DB group
 

Research Profile

The main research field of the group is the management and retrieval of data and information. Our research activities are based on the two complementary technologies of database systems where the primary focus is on the management, storage and querying of structured data, and information retrieval that focuses on indexing and retrieval of unstructured information in the context of user needs.

Our research approaches are within the areas of problem solving methodology, with a focus on analysis and design of innovative solutions, development of experimental prototype algorithms and systems, testing and evaluation.

Research Activities

Currently the group has research activities in (but not limited to) the following areas:

  • Distributed and parallel database systems with a focus on performance, scalability, availability and collaboration. Focus in recent years has been on efficient algorithms for distributed query processing.
  • Query processing with a focus on next generation search engines, rank-aware query processing, fusion of text search and spatial query processing and applications of database techniques to similarity search.
  • Information retrieval with a focus on application/integration of IR-techniques in databases and digital libraries, including developing efficient index structures and optimized query processing, and IR-theories, aiming at developing novel, effective and efficient retrieval approaches and methods for all types of information and search strategies.
  • Text mining with a focus on extraction of concepts and entities in unstructured text to improve retrieval and discovery of relevant information. As an example, our activities in this area include temporal analysis of text documents, spatio-temporal analysis of image annotations, and using named-entity recognition in document ranking and retrieval.
  • Digital Libraries with a focus on methods and tools to make digital, cultural and scientific content available, searchable and accessible in the context of user needs and for reuse in a broader context in the semantic web of the future.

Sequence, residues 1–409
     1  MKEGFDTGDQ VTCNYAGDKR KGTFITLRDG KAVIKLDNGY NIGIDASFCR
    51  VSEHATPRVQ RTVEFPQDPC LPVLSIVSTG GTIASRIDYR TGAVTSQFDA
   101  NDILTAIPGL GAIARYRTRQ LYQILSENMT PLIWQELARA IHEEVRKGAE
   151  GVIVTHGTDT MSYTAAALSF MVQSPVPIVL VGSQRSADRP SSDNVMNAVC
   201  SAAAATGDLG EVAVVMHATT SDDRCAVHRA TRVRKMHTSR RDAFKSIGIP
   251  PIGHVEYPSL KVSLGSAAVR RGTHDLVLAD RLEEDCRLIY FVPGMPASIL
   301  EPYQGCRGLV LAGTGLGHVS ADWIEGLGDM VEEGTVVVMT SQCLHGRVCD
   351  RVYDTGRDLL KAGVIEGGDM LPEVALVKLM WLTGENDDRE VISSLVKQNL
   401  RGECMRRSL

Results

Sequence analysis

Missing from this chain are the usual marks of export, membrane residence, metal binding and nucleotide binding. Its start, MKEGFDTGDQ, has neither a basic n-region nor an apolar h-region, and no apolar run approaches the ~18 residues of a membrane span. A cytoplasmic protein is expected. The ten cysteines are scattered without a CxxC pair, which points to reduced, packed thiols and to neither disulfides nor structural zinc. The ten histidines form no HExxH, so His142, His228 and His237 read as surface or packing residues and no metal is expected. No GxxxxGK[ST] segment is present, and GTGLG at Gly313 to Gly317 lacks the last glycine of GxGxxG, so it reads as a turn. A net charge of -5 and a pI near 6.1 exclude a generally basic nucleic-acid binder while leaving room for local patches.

As part of our activities in the above areas, members of the group are engaged in a range of research projects and publish in relevant venues such as renowned conferences and journals. We are also responsible for giving courses in topics related to our research, ranging from basic undergraduate courses to advanced research-based post-graduate courses. And, throughout the years, our group has graduated a large number of master and doctoral candidates.

During the last decade there has been a trend toward convergence of database systems and information retrieval, e.g. in the way information retrieval and search technologies have revitalized research in database querying. Considering our competence we particularly aim to contribute to the overlapping areas. One example of a project where we have been able to realize a synergistic potential is the information Access Disruptions project (iAD) where we have utilized techniques from (database) query optimizing in the realm of similarity search.

The group has currently research collaboration (in projects, publications, extended visits) with a large number of universities and research institutions, the most important in terms of cooperation being the Cornell, University of California Berkeley, University of California Irvine, and Athens University of Economics and Business.

Our group has a long tradition in working with industry-relevant problems, which has led to several spin-off companies, and we intend to continue this tradition. Currently, we have collaboration with the Trondheim department of Oracle (which is a result of a spin-off company from the distributed and high availability activities in our group). We have also collaboration with Microsoft Enterprise Search (formerly FAST Search and Transfer). The Data and Information Management group has also an extensive collaboration with other partners in financed research projects.